Decisions, Decisions

So, I ordered a “Sinceriously” t-shirt yesterday.  I’m not one to wear a celebrity’s face on my clothes (unless you count the time I ironed a small picture of Benjamin Bratt onto the wrong side of a white tee some years ago), but Stephen Amell’s charity supporting Stand for the Silent and Paws and Stripes is something I can get behind.  Besides, can one ever have too many tees?  I think not.

But I had a dilemma.  Should I order the crew neck tee in aqua Tahiti blue, or the v-neck tee in heather gray.  I really like the blue of Tahiti, and all my tees are crew necks.  But I also like heather gray and v-necks in general, but it’s $2.00 more.

So, what was my deciding factor?

Continue reading

Supernatural 200: Fan Fiction

[Note:  The CW reception was so broken and problematic last night, I missed a lot of The Flash and most of Supernatural.  So here’s a rundown of last week’s Supernatural.]

Dean works on the Impala.

Dean, Baby, and Gordon LIghtfoot: What a trio!

200th episodes are a Big Deal.  I was an avid Benjamin Bratt fan when Law & Order ran its 200th episode.  The fabulous Jerry Orbach was still alive to sell memorabilia on HSN (yes, I bought a couple items), and Julia Roberts guest starred, for wage.  (It was a deal Bratt struck with producer Dick Wolf to cancel his contract.)  But I digress.

Supernatural is great at making fun of itself, and many of my favorite episodes are the humorous ones.  The premise of Supernatural as a musical performed by an all-girls (of course!) high school sounded super cheesy, but the songs were actually good, the singing superb (Well done, casting directors!), and there was emotion behind the humor.

Continue reading

24: Four O’Clock p.m.’s a Bitch

Want a show where nothing goes right?  Welcome to 24: Live Another Day.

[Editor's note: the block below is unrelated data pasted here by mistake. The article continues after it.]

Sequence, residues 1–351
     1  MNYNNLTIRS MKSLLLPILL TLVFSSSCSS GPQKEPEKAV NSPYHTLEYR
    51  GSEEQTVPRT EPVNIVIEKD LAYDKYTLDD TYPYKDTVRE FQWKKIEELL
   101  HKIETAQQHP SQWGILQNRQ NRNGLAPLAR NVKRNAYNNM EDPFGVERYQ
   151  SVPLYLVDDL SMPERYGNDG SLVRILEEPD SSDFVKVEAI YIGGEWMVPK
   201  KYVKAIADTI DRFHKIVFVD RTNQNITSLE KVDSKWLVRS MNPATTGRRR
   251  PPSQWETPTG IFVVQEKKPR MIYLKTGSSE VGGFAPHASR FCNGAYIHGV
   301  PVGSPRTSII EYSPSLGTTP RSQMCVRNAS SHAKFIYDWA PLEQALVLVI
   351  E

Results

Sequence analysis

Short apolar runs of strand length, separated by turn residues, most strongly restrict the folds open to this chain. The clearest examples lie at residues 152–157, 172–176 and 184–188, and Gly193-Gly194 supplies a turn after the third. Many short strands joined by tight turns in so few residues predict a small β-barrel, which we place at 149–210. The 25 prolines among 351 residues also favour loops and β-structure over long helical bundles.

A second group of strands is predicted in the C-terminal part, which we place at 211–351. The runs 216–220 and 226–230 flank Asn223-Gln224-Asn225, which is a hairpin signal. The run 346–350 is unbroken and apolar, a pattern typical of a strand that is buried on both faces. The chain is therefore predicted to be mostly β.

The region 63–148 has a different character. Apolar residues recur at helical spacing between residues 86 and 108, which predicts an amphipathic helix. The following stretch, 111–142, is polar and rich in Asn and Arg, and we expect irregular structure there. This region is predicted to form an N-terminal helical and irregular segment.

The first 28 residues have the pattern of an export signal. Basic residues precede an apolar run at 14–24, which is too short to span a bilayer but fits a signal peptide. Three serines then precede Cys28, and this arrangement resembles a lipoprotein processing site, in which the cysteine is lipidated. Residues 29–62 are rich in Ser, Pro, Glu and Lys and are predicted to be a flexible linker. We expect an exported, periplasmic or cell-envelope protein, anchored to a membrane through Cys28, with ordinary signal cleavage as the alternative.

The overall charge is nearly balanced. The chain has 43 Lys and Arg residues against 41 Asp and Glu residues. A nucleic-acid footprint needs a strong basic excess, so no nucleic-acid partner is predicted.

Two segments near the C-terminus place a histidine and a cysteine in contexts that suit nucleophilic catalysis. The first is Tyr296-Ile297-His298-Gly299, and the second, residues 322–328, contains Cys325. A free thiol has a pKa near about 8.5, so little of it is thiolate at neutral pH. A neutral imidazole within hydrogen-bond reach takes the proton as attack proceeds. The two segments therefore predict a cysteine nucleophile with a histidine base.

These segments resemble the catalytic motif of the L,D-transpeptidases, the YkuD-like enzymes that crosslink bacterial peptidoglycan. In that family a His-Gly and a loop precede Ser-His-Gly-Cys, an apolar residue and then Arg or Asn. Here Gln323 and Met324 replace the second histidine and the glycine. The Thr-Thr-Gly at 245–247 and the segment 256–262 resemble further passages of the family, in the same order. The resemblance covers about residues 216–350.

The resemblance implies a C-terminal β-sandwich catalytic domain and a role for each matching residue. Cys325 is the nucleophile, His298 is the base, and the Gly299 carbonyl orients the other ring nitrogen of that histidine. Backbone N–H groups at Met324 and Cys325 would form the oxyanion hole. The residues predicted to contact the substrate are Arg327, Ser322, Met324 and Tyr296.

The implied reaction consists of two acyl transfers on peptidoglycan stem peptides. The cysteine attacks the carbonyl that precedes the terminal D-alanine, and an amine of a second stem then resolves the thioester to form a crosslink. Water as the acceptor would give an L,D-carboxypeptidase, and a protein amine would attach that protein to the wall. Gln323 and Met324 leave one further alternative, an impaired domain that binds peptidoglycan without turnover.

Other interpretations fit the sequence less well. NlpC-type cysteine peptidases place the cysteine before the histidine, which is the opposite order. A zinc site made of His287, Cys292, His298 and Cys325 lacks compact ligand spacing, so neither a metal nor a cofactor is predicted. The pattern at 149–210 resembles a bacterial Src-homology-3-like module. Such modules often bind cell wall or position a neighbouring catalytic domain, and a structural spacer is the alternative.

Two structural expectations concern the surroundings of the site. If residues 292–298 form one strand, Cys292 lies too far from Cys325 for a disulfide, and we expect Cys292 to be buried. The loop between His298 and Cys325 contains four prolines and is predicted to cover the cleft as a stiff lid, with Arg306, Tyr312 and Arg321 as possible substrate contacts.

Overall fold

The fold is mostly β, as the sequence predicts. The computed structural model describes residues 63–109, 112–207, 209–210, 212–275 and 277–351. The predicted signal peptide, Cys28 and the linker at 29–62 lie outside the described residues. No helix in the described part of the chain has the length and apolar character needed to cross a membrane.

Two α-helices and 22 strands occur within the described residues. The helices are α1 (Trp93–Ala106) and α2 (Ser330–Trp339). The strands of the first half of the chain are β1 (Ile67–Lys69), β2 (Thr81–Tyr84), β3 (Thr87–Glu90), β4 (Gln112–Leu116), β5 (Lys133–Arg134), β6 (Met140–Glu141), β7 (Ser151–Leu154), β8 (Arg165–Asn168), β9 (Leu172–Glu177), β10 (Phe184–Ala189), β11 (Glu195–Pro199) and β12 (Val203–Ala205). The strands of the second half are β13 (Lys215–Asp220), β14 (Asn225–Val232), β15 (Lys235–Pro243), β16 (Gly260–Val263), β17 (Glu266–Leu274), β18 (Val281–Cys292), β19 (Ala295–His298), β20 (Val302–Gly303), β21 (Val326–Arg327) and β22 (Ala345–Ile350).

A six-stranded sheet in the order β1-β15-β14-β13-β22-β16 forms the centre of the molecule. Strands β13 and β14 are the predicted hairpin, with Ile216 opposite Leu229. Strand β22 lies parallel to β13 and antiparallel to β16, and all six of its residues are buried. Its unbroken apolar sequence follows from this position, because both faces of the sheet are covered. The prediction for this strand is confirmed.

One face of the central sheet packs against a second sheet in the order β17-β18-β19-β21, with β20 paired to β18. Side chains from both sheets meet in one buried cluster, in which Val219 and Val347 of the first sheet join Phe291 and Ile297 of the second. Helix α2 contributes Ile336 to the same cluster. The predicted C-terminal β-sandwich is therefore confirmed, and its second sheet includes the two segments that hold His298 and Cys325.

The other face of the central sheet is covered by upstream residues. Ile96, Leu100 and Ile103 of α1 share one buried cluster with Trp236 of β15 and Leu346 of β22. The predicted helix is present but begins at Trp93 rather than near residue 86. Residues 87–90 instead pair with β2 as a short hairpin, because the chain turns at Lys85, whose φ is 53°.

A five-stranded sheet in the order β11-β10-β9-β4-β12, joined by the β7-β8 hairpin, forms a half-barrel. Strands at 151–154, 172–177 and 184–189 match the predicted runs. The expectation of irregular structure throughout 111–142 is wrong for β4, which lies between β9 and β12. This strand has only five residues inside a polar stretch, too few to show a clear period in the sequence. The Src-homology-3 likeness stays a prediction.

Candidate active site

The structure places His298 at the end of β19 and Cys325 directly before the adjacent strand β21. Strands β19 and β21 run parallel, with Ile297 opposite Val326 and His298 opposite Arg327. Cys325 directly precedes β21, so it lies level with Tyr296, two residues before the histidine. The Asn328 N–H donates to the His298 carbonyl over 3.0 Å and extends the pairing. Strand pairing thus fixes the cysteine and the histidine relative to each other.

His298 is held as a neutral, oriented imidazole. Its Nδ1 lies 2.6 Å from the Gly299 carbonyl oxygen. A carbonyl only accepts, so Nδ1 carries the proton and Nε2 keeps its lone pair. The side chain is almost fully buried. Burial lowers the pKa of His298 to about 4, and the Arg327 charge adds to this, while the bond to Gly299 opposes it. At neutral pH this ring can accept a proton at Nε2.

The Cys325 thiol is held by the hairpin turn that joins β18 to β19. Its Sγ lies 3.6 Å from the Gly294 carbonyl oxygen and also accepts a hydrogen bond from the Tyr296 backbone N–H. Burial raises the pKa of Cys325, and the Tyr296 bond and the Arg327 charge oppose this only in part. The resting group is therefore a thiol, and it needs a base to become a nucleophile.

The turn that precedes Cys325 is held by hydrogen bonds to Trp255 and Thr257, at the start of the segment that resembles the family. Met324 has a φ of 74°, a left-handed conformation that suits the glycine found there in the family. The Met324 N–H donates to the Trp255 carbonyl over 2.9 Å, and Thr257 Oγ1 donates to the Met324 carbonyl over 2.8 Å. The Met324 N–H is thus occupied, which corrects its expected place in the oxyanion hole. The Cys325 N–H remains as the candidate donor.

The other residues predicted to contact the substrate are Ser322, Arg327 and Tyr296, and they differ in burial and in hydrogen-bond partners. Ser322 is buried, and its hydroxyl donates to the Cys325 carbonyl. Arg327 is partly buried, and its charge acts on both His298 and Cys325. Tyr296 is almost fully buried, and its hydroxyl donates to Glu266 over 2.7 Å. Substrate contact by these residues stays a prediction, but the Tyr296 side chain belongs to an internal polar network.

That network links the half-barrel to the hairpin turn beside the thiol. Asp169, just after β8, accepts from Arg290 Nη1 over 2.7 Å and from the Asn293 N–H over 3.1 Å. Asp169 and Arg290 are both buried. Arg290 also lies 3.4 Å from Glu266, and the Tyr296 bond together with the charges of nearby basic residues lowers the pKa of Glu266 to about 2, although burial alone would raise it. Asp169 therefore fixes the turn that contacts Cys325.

4:00 PM – 5:00 PM was a veritable smorgasbord of how to fuck up a plan.  Any plan!  Let’s count ’em.

FU #1:  Last week, the CIA raid on the terrorist compound turned out to be a trap.  An armed U.S. drone, controlled by the terrorist, demolished the building, but we didn’t know if anyone survived.  The two series regulars, station chief Steve Navarro (played by my beloved Benjamin Bratt) and new agent Eric Ritter survive, but four “red shirts” don’t.  (FYI, Benjamin Bratt looks fabulous with his face all dirty—and bloody.)

Eric Ritter and Steve Navarro survive the drone attack.

Eric and Steve survive!

Continue reading

What to Do? What to Do?

Chloe O'Brien helps Jack Bauer on 24.

Chloe’s back! With a rad haircut and tons of eyeliner.

Its Monday evening and I don’t have anything to watch!  After a season of Sleepy Hollow, Almost Human, Intelligence, and Warehouse 13, not to mention my silly obsession with Charlie White Dancing with the Stars, my evening is free.

Well, there is 24: Live Another Day, complete with London and Benjamin Bratt.  I suppose it could pass for science fiction as much as Last Resort.  Like Last Resort, 24 takes place the real world (of fiction), with real problems.  But its premise and action are so bizarre, it goes beyond plain fiction.  Perhaps we could say Chloe’s mad computer skills tip the show into the science fiction realm.

Or, I could just watch last night’s Believe.


A week & a half later…

I bet you thought because I hadn’t posted in a while that I was disappointed in Modern Family‘s episode last week, titled “Up All Night.”  No way! It was awesome!  Awesome, I tell you!  And Benjamin Bratt was fantastic!

As with anything Ben Bratt-related, I’m always concerned about how the reviews will be, because there are a lot of people out there (Tom Shales, I’m looking at you) who don’t like him.  Well, if the reaction on the Television Without Pity forum is any indication, he was a smash hit.  The fans there loved the episode, many saying it was the best one to date.  And they loved Ben’s portrayal of Javier, Manny’s father and Gloria’s ex.  And so did I.  (Shocking, I know.)  And I loved him even more on repeat viewings.

Javier and the lobsters he bought with his bare hands

“Did you catch them with your bare hands?” “No. I bought them with my bare hands!”